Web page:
“Over 30% turnover is too high, and not enough time to build an effective team,” Schuenemann explained. “It could cost a dairy 70% to 150% of wages in training new employees, but that is not even including lost performance costs.”
|30% employee turnover versus 5%||$8,554|
|85% parlor performance versus 95%||$35,412|
|Schuenemann 2014, American Association of Bovine Practitioners|
Schuenemann’s research also found that the best thing to help parlor performance may be scheduled meetings outside of the parlor. He suggests meetings every six weeks to two months, and has facilitated many of these himself on larger dairies in Ohio and other states.
Each meeting has a specific agenda, from parlor protocol to handling fresh cows, and often starts with 5 minutes of Q&A while pizza or other food is served. From there, Schuenemann talks for 40 minutes about the day’s subject. During the last 15 minutes of the first hour – with the parlor manager or farm owner present – they talk about actions and adjustments needed, protocol changes, or even pay raises and other benefits.
Then, Schuenemann, native to Argentina and fluent in Spanish, facilitates one more hour of what he calls “group therapy” for workers. They can air concerns, ask about shift changes or anything else related to the actual work. Manager(s) are there just to listen by receiving the actual translation of the real issues.
He will take notes, and if there’s a missing tool – a broken gate, broken hose, or new boots needed – that’s the manager’s responsibility.
“A lot of these workers are now looking forward to the meetings,” Schuenemann said. “Although they know they can speak with their manager at any time, they’ll see me pull into the farm and say, ‘I’ve got a long list this time!”.
“Fully trained and competent workers know what to do and how to do it, and have the skills and abilities to do the work. However, competent workers will often fail to perform due to conflict, lack of satisfaction, motivation, and/or communication; resulting in lower work performance which affects the overall herd productivity” Schuenemann said.
“The meetings are meant to clear up gossip and improve attitude. Schuenemann wants farms to achieve better working environments and more completely engage employees by training early – before workers enter the parlor – and often. “To accomplish this, we need true “leaders” as herd managers with the skills and abilities to anticipate and fix people problems” Schuenemann said.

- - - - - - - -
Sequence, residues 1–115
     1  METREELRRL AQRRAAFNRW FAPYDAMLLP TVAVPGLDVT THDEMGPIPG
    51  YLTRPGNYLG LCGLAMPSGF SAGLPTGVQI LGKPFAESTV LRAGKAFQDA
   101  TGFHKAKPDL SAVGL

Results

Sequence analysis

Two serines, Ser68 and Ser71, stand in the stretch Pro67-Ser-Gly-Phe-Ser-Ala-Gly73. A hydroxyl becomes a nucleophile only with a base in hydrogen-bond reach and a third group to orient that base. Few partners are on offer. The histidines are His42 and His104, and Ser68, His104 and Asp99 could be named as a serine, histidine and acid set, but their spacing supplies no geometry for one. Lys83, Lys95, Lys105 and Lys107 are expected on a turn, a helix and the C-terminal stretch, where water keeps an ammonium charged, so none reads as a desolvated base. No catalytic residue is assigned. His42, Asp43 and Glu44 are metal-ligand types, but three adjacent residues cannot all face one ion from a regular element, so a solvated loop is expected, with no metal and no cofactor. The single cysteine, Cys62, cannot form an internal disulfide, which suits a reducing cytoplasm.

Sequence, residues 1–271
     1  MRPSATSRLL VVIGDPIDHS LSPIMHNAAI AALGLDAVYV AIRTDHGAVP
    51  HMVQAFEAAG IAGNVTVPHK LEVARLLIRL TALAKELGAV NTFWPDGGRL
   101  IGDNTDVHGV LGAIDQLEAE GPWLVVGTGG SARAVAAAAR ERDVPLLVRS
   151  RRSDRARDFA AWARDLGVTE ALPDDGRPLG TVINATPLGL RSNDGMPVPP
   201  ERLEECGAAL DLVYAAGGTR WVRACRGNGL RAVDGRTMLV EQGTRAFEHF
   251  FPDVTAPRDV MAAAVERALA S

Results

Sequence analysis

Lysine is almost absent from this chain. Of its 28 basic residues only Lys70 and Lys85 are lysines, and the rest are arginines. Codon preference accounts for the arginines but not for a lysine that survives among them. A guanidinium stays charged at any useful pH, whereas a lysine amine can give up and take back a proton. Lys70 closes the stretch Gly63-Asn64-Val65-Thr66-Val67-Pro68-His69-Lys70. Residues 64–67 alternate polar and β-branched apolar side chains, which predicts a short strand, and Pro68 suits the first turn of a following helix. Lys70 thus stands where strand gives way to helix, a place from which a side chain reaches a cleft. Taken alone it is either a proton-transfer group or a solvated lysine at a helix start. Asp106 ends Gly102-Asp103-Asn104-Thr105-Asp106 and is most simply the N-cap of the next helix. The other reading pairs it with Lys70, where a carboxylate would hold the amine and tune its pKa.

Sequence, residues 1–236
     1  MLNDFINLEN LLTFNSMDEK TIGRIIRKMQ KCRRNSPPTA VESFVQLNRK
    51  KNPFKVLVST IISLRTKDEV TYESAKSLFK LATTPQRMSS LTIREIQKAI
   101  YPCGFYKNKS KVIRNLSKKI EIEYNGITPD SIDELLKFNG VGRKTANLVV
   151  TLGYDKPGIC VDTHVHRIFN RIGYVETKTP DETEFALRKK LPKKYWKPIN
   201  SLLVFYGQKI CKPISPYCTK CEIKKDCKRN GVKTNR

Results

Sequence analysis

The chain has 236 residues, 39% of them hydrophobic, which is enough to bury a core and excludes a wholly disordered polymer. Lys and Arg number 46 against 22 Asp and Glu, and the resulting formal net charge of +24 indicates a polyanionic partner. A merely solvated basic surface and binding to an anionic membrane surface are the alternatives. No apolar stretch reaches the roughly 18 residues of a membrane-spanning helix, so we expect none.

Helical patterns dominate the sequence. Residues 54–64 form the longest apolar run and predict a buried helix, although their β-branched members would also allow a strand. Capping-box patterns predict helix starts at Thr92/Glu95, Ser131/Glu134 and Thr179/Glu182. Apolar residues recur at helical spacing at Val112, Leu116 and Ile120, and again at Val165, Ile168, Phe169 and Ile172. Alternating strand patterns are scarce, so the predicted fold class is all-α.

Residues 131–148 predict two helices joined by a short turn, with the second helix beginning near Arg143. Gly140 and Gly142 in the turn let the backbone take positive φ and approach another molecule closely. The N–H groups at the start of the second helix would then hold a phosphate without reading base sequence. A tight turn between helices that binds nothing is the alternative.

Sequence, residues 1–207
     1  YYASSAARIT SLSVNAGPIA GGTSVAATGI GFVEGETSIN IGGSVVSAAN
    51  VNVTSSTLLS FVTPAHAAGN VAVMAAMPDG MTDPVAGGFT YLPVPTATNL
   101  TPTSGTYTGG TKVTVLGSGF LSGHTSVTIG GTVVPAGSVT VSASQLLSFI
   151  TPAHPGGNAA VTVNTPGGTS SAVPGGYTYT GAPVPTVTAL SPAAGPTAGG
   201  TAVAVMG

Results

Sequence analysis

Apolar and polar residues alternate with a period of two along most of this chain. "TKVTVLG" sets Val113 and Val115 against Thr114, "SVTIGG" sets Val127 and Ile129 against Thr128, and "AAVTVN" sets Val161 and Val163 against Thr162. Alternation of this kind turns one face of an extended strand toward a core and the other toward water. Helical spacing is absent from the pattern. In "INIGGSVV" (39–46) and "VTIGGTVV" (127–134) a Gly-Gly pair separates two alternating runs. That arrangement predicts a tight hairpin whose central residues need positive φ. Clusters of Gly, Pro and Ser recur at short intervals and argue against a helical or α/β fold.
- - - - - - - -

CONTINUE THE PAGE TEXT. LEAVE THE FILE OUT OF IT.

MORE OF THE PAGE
“The parlor is one of the most detail-intensive places to work on the farm. The workers there ultimately do care, but it’s not for everyone,” Schuenemann said. “They will sometimes ask for more money in the meetings, but it’s usually not the top priority. And sometimes, the manager is the problem, not the milkers.”
And, according to research presented by Schuenemann in an abstract at the recent American Association of Bovine Practitioners annual meeting, lowering turnover can mean thousands of dollars in improved performance and less time spent training – far less cost than a few pizzas and a facilitator.
For a 2,000-cow herd, quarterly trainings showed a potential $26 to $1 return (based on milk price) if parlor performance was improved from 85% to 95% compliance and employee turnover dropped from 30% to 5% (see Table 1). That could be a difference in tens of thousands of dollars over a year, depending on the milk price.
|2X Milking||3X Milking|
|Average Milk Flow (Milk per cow/duration milking)||8.5 lbs/minute||6.5 lbs/minute|
|Milking duration||Four minutes for first 25 pounds, 0.5 minutes for each additional 10 pounds|
|Two minute milk yield||18.5 lbs/minute||14.5 lbs/minute|
|Cows/Stall/Hour||-||4.7 to 5.7 turns/hour|
|Rotary with 60+ stalls - 6.5 cows/stall/hour|
|Milk/stall/hour||150 pounds||115 pounds|
|Peak milk flow (Milk produced between 60 and 120 seconds||10.5 pounds or more||8.5 pounds or more|